Church kitchen proves perfect place to bake community’s daily bread

Coventry-based Chernise Neo has a passion for baking. When she talks about the mouth-watering cinnamon buns enriched with milk, butter and eggs – or the Middle Eastern-inspired lemon, almond and coconut sweet treats that she regularly bakes – her sheer enthusiasm and joy over the art of quality baked goods is clear.

So when Chernise was looking to develop what was her personal passion into a viable community business, one of the biggest questions she faced was – where could all this baking be done and on a much larger scale? She needed a flexible kitchen space that would enable large scale baking of her delicious artisan goodies, but still be affordable.

Proof Bakery

The solution for Proof Bakery, as the Community Interest Company (CIC) is now known, has been to locate in the kitchens of a local church. Today trays of freshly baked bread and other treats produced in the church’s kitchen are being delivered across Warwickshire and the West Midlands.

Chernise approached a few possible locations before coming up with the idea of approaching local St Catherine’s church in the Stoke Aldermoor area of the city.

“I was aware that churches were often busy on Sundays but could have time on weekdays when their facilities could be available,” she explained.

“We have a business model where we don’t need a shop front – all our orders are done online – and our bread is delivered. So we just needed space for baking.”

St Catherine’s were happy to accommodate the new venture. It meant that the Proof Bakery didn’t need to worry about setting up a new kitchen from scratch – in their own premises – and all the extra and potentially prohibitive costs that would entail.

Chernise continued: “The church made space for us, we were able to add an oven and two mixers. I think it would have been incredibly unlikely that we could have started when we did without the church. It would have set us back nine to twelve months.”

Despite the clear benefits for a community business trying to get off the ground, working in an active place of worship is not without its compromises. Chernise says the bakery must be flexible enough to work around the needs of others who also rely on the church kitchens.

Sourdough Proof Bakery

Proof Bakery – Sourdough

“There are other groups that are not fee paying that need to be accommodated. I think we have certainly had to communicate, to give lots of warning when we are going to be in the kitchen – especially on a Sunday.”

The bakery is a CIC limited by guarantee – which means there are no shareholders – but nevertheless its roots have always been firmly in the community right from the start, as Chernise explains: “We did talks and tastings at our community collection points – churches, cafes, restaurants and offices – to tell people about us. And quite a few market stalls as well, and of course getting the word out on social media and by word of mouth.”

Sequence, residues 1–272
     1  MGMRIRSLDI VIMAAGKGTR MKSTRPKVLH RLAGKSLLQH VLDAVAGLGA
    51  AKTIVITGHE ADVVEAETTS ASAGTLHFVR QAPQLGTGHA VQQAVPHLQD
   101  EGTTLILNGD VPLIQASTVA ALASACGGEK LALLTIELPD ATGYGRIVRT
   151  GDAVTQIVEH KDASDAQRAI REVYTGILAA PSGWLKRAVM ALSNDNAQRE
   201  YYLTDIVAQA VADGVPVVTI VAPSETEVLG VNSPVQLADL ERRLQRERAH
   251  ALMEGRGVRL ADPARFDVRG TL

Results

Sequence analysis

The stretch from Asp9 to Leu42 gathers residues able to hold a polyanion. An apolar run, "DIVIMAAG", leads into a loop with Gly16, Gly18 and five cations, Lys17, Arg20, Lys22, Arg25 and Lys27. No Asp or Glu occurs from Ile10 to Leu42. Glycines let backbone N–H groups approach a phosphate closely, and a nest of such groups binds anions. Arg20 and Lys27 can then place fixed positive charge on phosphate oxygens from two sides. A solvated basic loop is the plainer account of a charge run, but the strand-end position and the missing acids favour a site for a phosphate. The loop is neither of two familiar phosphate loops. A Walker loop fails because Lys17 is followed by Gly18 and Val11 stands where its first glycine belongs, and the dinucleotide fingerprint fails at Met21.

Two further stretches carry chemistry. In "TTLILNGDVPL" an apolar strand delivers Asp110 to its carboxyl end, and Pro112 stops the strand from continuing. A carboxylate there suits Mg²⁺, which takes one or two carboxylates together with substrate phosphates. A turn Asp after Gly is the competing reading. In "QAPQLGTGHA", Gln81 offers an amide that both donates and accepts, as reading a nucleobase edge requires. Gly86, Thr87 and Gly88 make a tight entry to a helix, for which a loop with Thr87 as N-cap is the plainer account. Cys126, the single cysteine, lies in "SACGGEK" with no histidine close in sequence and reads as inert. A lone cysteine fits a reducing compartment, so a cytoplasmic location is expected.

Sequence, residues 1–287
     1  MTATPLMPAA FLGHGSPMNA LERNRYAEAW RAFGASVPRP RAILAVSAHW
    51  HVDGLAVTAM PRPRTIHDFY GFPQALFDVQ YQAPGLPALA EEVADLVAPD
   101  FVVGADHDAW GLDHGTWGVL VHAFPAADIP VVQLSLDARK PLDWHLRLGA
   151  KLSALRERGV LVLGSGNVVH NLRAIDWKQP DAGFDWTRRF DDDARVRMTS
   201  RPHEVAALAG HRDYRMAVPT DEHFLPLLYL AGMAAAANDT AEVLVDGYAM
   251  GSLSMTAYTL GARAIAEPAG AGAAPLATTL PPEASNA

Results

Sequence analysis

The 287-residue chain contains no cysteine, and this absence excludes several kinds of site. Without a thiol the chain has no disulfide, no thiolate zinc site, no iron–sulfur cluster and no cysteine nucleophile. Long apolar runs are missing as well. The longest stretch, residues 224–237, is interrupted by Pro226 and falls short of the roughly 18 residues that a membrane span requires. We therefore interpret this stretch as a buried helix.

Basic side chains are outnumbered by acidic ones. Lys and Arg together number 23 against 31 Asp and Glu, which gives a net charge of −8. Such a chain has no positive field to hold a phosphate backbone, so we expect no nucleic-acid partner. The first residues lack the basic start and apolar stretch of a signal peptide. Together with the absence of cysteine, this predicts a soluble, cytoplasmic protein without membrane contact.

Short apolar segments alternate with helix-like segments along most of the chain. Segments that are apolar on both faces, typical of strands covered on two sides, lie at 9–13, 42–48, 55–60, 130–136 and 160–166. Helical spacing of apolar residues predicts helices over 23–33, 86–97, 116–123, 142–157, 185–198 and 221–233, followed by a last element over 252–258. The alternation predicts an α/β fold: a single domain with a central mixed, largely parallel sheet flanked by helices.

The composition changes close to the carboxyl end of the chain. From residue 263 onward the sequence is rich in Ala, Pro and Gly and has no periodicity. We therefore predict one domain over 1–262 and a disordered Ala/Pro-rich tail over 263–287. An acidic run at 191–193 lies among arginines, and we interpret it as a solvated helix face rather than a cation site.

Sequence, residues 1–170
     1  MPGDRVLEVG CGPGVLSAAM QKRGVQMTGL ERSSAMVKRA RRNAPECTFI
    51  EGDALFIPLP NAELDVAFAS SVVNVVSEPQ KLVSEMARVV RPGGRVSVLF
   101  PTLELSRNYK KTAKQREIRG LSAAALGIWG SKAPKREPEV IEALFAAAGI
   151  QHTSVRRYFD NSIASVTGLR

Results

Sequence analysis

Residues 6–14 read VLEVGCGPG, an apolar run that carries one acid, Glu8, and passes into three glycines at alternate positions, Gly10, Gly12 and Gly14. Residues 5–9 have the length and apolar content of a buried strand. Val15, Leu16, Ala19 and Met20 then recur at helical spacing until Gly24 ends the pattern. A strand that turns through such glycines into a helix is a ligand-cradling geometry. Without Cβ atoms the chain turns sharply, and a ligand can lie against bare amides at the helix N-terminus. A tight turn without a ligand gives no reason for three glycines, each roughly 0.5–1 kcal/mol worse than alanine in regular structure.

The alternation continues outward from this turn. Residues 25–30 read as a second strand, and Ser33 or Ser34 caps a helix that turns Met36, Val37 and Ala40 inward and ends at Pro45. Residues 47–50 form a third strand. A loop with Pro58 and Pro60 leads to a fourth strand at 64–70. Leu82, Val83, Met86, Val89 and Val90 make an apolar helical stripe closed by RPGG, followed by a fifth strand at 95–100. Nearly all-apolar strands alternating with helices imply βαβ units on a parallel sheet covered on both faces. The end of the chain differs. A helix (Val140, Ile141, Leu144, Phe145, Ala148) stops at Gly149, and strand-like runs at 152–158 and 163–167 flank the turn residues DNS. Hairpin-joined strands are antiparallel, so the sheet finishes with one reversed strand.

The community bakery supports the local area by offering training courses, supporting refugees to gain qualifications supported by Coventry Refugee and Migrant Centre (CRMC). The connection with refugees grew after a class at a supported housing project in 2017, where Chernise met Syrian women with baking flair who had left their homeland and were now living in her home city.

“The bakery is registered as a CIC because we wanted to demonstrate our commitment to being for the community and not-for-profit,” Chernise explained. “It means we have a public way of saying that all of our trading surplus goes back into our mission of training and supporting refugees into work, and that we also want to make good bread accessible to as many people in Coventry as possible, whether that is through baking for Foodbank, or having bread collection points in lots of different locations and offering home delivery for paying customers. So yes, I think we probably are more connected to the community than other non-CIC businesses. There aren’t any members, just directors in our structure, but we do have an advisory board and a senior management team within the bakery that consists of 50% refugee bakers and 50% regular non-beneficiary admin staff.

So how does working within a church kitchen work?

Chernise continued:  “We have monthly catch ups with the vicar at St Catherine’s, Stoke Aldermoor, who represents the church congregation to us, to make sure that we are on the same page and that everyone feels they are listened to. In the past we have also had a tasting stall at the local Stoke Aldermoor Festival, which allowed us to listen to what the local community thought of our products.”

Proof Bakery has shown what is possible by engaging a local community and working with local places of worship, and it’s a path which Chernise suggests other fledgling community groups should consider.

“I think with the right church it can be an incredibly flexible, accommodating option,” Chernise continued. “We have just expanded into second room in St Catherine’s and they are not charging us while we settle in there. “My advice to others considering locating in a place of worship is be open, keep a constant conversation. Make sure you are keeping in touch – you need to be more proactive than you would with a landlord who isn’t regularly using the building.”

To find out more about Proof Bakery, including how to sponsor a loaf donation to their local Foodbanks, visit proofbakery.co.uk